Hindu Marriage Act, 1955 — Sections 10, 13, 13-A, 13-B & 25 — Dissolution of marriage — On the ground of irretrievable breakdown of marriage on payment of permanent alimony, when valid — Out of 16 years of marriage, parties had been living separately for 14 years — Despite the attempts at reconciliation the Gordian Knot could not be untied and clearly the marriage has broken down irretrievably — Submission on behalf of both the parties that, it would perhaps be to the best interest of the parties to have the marriage tie dissolved with adequate provision by way of permanent alimony for the respondent — Any further attempt at reconciliation will be futile — In exercise of power under Article 142, direction given for dissolution of marriage subject to payment by appellant of Rs. 2 lacs to respondent-wife as permanent alimony and cost of Rs. 25,000/- — Appeal disposed of accordingly — Constitution of India — Article 142.

HELD: Having dispassionately considered the materials before us and the fact that out of 16 years of marriage the appellant and the respondent had been living separately for 14 years, we are also convinced that any further attempt at reconciliation will be futile and it would be in the interest of both the parties to sever the matrimonial ties since the marriage has broken down irretrievably.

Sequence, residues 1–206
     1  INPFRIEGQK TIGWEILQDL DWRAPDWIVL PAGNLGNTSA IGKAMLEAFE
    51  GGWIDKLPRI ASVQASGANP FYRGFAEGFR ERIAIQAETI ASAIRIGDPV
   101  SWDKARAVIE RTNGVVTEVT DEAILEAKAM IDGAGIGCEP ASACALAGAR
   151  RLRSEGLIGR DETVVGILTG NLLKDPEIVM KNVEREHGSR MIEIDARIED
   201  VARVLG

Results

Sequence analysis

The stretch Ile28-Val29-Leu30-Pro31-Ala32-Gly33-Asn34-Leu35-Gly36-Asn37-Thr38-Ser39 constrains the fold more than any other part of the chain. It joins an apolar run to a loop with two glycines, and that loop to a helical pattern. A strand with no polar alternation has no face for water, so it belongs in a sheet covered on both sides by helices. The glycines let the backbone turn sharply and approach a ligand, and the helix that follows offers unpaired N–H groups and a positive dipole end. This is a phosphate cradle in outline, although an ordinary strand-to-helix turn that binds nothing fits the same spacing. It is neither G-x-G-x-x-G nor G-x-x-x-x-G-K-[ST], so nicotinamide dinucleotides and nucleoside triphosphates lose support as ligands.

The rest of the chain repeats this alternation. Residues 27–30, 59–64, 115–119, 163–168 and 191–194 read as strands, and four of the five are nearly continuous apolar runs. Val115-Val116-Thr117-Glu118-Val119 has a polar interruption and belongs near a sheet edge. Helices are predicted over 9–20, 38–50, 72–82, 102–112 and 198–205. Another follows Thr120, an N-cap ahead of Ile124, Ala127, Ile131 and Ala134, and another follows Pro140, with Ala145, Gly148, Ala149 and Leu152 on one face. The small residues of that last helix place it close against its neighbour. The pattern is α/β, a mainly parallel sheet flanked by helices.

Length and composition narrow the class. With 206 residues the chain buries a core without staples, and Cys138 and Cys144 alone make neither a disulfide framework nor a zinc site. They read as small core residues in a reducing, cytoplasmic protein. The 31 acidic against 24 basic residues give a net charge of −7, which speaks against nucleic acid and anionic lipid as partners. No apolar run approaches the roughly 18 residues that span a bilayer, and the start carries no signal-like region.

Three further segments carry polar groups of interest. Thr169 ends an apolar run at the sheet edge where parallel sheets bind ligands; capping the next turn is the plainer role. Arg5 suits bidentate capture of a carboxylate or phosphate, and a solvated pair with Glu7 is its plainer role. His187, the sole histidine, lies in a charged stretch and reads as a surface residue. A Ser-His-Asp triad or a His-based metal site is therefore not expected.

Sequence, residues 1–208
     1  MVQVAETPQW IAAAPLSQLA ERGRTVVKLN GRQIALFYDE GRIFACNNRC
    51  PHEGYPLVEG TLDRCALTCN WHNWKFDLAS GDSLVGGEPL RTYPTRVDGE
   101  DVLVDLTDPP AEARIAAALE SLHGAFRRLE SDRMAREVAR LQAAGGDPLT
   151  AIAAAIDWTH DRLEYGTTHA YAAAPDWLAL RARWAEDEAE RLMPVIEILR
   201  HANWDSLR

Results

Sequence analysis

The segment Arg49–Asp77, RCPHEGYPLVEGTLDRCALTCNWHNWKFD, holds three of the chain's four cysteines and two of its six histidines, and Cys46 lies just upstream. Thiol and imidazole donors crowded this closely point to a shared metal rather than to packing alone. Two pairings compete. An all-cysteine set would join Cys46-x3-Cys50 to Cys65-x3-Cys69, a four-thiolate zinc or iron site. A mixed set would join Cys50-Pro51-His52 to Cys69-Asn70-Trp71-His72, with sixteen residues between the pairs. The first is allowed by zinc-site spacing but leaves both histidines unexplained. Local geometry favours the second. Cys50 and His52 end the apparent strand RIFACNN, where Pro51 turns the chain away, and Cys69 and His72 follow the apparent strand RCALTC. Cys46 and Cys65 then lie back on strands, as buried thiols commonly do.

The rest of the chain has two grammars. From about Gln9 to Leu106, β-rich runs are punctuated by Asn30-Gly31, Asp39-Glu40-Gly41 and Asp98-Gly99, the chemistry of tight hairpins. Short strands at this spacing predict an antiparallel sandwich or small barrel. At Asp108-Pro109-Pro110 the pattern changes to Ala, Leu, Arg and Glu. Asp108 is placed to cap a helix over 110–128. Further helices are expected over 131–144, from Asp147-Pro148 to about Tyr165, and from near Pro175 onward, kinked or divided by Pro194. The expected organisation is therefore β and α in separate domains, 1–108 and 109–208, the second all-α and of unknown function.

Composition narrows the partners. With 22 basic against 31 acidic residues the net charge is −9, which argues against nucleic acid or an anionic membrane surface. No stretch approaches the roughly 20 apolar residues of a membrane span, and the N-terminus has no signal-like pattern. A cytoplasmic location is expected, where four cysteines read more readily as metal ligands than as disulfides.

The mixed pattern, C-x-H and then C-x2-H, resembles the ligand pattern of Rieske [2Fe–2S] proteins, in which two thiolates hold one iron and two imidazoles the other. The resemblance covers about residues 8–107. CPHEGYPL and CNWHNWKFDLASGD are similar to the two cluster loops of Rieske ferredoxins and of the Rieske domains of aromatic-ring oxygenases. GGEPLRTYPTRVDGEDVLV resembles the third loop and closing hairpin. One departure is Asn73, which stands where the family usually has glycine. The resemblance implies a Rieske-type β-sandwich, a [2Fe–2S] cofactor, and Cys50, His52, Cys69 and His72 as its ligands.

In the said circumstances, following the decision of this Court in Romesh Chander’s case (supra) we also are of the view that since the marriage between the parties is dead for all practical purposes and there is no chance of it being retrieved, the continuance of such marriage would itself amount to cruelty, and, accordingly, in exercise of our 10 powers under Article 142 of the Constitution we direct that the marriage of the appellant and the respondent shall stand dissolved, subject to the appellant paying to the respondent a sum of Rupees Two lakhs by way of permanent alimony. In addition, the appellant shall also pay the costs of this appeal to the respondent, assessed at Rs.25,000/-. The appeal is disposed of accordingly.